Two columnists and those new clothes: We’ve been called away from our sprawling campus on a mission of national import.
We expect to finish our current, award-wining series on Monday. Tomorrow, we expect to post about a recent, very rare error by Kevin Drum.
For today, we recommended the new column by Paul Krugman.
Krugman has written this column many times. We congratulate him for doing so, although we very much doubt it will help.
For today, we offer this reading assignment: Analyze this passage from Krugman as a version of The Emperor’s New Clothes:
KRUGMAN (4/27/12): None of this should come as news, since the failure of austerity policies to deliver as promised has long been obvious. Yet European leaders spent years in denial, insisting that their policies would start working any day now, and celebrating supposed triumphs on the flimsiest of evidence. Notably, the long-suffering (literally) Irish have been hailed as a success story not once but twice, in early 2010 and again in the fall of 2011. Each time the supposed success turned out to be a mirage; three years into its austerity program, Ireland has yet to show any sign of real recovery from a slump that has driven the unemployment rate to almost 15 percent.An embarrassing problem was obvious. But everyone was in denial.
However, something has changed in the past few weeks. Several events—the collapse of the Dutch government over proposed austerity measures, the strong showing of the vaguely anti-austerity François Hollande in the first round of France’s presidential election, and an economic report showing that Britain is doing worse in the current slump than it did in the 1930s—seem to have finally broken through the wall of denial. Suddenly, everyone is admitting that austerity isn’t working.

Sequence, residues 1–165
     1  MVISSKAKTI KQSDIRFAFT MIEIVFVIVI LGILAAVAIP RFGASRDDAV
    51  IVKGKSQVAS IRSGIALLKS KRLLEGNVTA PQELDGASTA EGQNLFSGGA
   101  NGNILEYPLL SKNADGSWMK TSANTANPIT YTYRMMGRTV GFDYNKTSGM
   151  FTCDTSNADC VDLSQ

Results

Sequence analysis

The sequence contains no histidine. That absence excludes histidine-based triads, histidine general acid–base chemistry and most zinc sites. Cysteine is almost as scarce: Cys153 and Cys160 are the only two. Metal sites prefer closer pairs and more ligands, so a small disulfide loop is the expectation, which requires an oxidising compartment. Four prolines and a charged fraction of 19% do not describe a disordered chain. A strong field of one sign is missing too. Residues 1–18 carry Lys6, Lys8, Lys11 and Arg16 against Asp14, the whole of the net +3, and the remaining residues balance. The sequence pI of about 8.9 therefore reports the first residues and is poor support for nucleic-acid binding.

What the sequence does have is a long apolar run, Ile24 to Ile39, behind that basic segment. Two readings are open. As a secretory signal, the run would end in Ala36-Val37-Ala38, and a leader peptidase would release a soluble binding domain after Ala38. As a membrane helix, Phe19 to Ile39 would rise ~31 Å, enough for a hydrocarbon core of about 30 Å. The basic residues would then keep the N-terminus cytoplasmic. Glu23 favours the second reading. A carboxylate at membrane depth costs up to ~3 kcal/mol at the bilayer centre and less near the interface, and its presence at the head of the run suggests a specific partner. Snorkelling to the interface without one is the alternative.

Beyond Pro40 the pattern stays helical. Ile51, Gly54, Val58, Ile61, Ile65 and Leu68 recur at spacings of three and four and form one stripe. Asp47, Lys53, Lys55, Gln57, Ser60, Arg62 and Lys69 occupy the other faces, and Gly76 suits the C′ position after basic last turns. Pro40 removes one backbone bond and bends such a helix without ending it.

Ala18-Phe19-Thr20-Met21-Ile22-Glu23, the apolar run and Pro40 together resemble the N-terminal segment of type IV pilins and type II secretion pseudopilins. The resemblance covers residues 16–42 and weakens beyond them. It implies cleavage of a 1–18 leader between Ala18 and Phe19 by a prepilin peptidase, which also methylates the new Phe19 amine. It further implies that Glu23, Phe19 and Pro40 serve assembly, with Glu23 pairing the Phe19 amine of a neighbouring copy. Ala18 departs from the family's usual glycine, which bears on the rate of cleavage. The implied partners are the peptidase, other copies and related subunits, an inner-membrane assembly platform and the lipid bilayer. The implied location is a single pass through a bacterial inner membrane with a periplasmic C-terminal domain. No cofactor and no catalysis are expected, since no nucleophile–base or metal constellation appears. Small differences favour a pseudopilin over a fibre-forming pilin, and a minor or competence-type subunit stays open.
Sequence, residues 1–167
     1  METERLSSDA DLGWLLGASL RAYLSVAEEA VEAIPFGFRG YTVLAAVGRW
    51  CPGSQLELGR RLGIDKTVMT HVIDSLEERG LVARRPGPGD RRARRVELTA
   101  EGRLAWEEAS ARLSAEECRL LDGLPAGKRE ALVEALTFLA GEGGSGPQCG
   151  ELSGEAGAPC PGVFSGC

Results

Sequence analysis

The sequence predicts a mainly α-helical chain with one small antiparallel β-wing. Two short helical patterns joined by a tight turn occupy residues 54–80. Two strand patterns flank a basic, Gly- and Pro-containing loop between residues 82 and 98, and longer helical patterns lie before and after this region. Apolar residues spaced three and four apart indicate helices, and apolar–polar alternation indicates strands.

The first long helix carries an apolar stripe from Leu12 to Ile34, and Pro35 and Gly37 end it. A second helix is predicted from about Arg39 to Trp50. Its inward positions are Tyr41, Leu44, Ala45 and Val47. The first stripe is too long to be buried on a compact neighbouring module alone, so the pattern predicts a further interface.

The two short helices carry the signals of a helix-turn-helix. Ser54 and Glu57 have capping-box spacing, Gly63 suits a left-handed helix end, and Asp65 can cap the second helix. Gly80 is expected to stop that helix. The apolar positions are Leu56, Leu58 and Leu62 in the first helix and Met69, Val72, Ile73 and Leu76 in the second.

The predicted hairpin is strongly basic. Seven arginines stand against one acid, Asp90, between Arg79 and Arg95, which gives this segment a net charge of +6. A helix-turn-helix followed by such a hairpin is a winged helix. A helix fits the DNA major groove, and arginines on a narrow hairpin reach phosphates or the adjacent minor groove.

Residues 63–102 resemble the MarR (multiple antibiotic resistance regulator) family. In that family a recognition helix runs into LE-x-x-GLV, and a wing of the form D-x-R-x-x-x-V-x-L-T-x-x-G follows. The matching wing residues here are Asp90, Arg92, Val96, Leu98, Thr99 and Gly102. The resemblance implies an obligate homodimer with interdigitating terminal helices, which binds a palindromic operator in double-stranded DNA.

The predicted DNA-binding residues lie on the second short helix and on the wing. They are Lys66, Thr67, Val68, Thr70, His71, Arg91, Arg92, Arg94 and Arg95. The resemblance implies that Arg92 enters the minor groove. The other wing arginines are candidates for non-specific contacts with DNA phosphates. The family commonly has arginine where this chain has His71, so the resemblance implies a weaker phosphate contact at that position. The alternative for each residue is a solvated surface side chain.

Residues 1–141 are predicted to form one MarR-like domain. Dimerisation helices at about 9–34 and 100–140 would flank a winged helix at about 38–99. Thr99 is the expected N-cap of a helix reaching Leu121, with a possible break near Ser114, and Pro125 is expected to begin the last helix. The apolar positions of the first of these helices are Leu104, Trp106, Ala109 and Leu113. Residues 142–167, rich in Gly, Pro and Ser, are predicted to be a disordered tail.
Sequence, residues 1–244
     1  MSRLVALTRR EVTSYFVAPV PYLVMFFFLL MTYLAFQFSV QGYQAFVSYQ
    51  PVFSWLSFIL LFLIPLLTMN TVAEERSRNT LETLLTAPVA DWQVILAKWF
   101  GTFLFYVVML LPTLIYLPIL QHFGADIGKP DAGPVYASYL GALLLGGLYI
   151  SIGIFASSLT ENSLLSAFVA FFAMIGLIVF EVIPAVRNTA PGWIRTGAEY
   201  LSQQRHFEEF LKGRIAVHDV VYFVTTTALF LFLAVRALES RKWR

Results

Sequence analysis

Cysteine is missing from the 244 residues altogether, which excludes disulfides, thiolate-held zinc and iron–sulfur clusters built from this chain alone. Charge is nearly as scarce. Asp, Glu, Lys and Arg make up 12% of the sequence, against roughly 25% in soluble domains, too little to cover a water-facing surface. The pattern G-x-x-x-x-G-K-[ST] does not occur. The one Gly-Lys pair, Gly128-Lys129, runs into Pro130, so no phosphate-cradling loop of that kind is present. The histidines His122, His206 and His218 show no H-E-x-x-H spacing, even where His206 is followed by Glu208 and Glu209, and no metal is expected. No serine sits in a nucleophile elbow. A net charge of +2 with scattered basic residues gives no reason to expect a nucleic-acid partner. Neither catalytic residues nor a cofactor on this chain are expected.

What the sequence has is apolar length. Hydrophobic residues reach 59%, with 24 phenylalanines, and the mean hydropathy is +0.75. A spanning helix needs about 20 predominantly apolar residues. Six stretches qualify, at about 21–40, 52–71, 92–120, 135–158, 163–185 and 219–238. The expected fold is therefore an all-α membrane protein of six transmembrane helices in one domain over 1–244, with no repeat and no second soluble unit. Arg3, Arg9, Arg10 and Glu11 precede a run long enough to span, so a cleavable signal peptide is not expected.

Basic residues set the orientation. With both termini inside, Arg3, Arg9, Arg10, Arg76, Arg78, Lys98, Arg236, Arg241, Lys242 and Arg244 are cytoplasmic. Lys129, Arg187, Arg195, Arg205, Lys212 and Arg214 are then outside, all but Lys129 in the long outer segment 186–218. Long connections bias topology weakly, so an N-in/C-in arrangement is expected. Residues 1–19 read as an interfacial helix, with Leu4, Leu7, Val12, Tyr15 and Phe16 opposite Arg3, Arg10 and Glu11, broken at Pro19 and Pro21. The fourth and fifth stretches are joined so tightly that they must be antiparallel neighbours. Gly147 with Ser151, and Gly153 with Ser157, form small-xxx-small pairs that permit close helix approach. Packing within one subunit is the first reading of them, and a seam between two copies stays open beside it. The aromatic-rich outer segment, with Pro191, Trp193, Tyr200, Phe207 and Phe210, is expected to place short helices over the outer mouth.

Finally, something broke through the wall of denial. Suddenly, everyone is admitting the problem!
Alas! Krugman’s column also refers to “policy elites.” In the original tale, were there highly-placed, wealthy interests determined to extend the illusion?
Opposing Krugman on today’s op-ed page, David Brooks starts his column in the following manner. Note the slight sleight-of-hand about “Nobel Prize winners”—reinforcing the (unstated but suggested) idea that no one can figure this out:
BROOKS (4/27/12): In 2009, we had a big debate about whether to pass a stimulus package. Many esteemed and/or Nobel Prize-winning economists like Joseph Stiglitz, Larry Summers and Christina Romer argued that it would help lift the economy out of recession. Many other esteemed and/or Nobel Prize-winning economists like Robert Barro, Edward Prescott and James Buchanan argued that positive effects would be small and the package wouldn’t be worth the long-term cost.Has Brooks learned something? Has his mind been changed in some way? Does he think our minds should have changed?
We went ahead and spent the roughly $800 billion. What have we learned?
For certain, nothing. The economists who supported the stimulus now argue the economy would have been worse off without it. Those who opposed it argue that the results have been meager. It’s hard to think of anybody whose mind has been changed by what happened.
For whatever reason, Brooks doesn’t say.
Krugman says the lesson is obvious. Directly oppposite him on the page, Brooks advances a different perception.